Arts and Entertainment

Pianist Sarah Cahill spotlights women composers at BGSU recital

By DAVID DUPONT  BG Independent News Pianist Sarah Cahill admits to having mixed feelings about her project “The Future is Female.” The series of recitals is devoted to the work of female composers from the 17th century into the present. “It doesn’t seem right to lump everyone  together by gender because the majority of women composers just want to be thought of as composers,” she said in a recent telephone interview. “I’ve always been ambivalent  about all women concerts. Now I’m doing it myself mainly because there’s so much music that deserves to be heard.” Cahill will present a concert in her “The Future is Female” series Monday, March 25 at 8 p.m. in Bryan Recital Hall on the Bowling Green State University campus.  The recital is part of the Music at the Forefront series. Her repertoire for “The Future is Female” includes works by 56 composers dating by to Elisabeth Jacquet de la Guerre’s Keyboard Suite in D minor from 1707 to Theresa Wong’s “She Dances Naked Under Palm Trees,” inspired by the song “Images” by Nina Simone, which she is performing for the first time. Of those pieces in that repertoire, Cahill commissioned 10 of them. The Wong piece is the latest in a line of compositions written with her in mind dating back to 1977 when John Adams composed “China Gates” for Cahill who was 17. “I remember when that was a new piece no one would play it because it was such a strange piece, so minimalist,” she said. Cahill would perform the composition in competitions and “it was really frowned upon.” Now it has been well accepted by pianists and is frequently played. Commissioning new works is central to her vision as an artist. Cahill said back when she was 17 she had an identity crisis. Not unusual, she said, for a teenager. While her fellow conservatory students were locked away in the practice rooms totally consumed with being the best pianists they could be, she wanted to write and read poetry. That led to writing music criticism for alternative newspapers. “I started playing contemporary music because I liked having more of the focus on the music itself rather than me as the pianist,” Cahill…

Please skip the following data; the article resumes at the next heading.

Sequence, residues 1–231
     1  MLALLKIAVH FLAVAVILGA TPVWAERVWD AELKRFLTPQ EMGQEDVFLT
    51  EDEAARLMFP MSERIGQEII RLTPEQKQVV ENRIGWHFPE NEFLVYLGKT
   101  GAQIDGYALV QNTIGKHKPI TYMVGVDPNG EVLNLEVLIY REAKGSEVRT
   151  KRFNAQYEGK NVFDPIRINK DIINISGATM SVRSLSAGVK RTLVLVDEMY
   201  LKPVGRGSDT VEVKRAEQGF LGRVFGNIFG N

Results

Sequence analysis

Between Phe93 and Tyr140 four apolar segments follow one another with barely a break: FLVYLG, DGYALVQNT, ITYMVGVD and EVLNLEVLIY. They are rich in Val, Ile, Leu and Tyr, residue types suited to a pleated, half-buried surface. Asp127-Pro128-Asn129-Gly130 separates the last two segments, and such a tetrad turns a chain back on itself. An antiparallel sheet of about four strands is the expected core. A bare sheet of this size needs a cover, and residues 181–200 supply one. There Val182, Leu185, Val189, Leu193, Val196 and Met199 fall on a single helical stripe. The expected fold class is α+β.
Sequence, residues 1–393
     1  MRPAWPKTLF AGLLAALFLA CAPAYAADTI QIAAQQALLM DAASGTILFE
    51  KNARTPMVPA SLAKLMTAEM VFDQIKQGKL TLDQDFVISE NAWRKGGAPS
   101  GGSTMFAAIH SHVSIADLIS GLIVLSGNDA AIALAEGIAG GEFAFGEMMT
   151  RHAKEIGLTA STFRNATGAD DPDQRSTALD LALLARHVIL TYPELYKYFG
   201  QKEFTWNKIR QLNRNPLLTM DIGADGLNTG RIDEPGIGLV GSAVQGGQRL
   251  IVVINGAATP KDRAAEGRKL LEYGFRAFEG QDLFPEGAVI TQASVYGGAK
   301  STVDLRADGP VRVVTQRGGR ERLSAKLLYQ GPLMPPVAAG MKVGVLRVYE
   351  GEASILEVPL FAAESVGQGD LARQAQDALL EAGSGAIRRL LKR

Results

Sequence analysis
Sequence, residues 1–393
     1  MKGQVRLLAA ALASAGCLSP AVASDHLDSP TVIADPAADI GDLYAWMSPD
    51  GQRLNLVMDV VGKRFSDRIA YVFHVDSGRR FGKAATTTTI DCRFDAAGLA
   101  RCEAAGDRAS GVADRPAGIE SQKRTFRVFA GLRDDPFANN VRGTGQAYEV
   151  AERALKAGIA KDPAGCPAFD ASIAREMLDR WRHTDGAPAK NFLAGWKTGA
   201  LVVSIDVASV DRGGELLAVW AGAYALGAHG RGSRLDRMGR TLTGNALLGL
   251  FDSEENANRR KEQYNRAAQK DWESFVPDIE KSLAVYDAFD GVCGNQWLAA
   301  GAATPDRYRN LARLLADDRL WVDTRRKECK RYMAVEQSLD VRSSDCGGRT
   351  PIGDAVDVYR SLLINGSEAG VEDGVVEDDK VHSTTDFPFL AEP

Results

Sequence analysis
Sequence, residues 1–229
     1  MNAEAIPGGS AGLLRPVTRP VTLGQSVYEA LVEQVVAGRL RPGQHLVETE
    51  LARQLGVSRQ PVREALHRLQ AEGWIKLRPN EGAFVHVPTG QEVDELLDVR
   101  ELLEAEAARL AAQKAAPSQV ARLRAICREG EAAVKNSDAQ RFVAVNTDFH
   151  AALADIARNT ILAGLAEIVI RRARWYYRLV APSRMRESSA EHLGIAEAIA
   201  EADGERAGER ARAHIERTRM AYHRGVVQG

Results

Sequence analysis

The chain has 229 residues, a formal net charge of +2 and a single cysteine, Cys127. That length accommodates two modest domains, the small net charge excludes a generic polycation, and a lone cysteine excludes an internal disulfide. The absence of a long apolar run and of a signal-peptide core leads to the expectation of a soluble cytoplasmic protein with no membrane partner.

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Journalist turned mystery writer to headline library’s Crime Solvers’ Weekend

By DAVID DUPONT  BG Independent News Little Harriet Ann Sablosky used to retreat to the hayloft in the barn behind her rural Indiana home to read Nancy Drew and Sherlock Holmes mysteries. When she grew up, she wanted to be either a detective or write her own mystery novels. That was back in the 1960s. Now Harriett has grown up, and as Hank Phillippi Ryan she’s published 10 mysteries and thrillers. Ryan may not have been a detective, but she worked as an investigative journalist during a 43-year award-winning career. What would little Harriet think of her grown self’s work? Ryan laughs at the question. Yes, her younger self would approve, the writer said in a recent telephone interview. “What I loved about books when I was a kid was that a smart author would tell a story that would keep you turning the pages and then surprise you, in a fair way.” The reader, Ryan said, would realize: “‘I could have figured that out.’ But the author was more clever than I was.” That’s the same effect she strives for in her own novels. Ryan will be the featured guest at the Wood County District Public Library’s Crime Solvers’ Weekend, March 22 and 23. She will speak at an after-hours event Friday, March 22, 7 p.m. in the library’s atrium. Free tickets are available at the library.  “It’s such a joy” to be able to get out and meet her readers, Ryan said. Writing is a solitary pursuit. Reading is a solitary activity. “When I get to be with readers and writers, that’s when we get to share how wonderful this experience is. My books are not fully realized until someone reads them.” Ryan came to writing books mid-life. She is an investigative at WHDH-TV, 7News, in Boston. During her career she’d never ventured into mystery writing, she said, because she could never come up with a good plot. “That’s a problem if you’re trying to write a mystery,” she said. “So that dream got put in the background.” Then in 2004, she was at work at channel 7, and a story occurred to her. She came home and announced to her husband: “I’ve got this good idea for…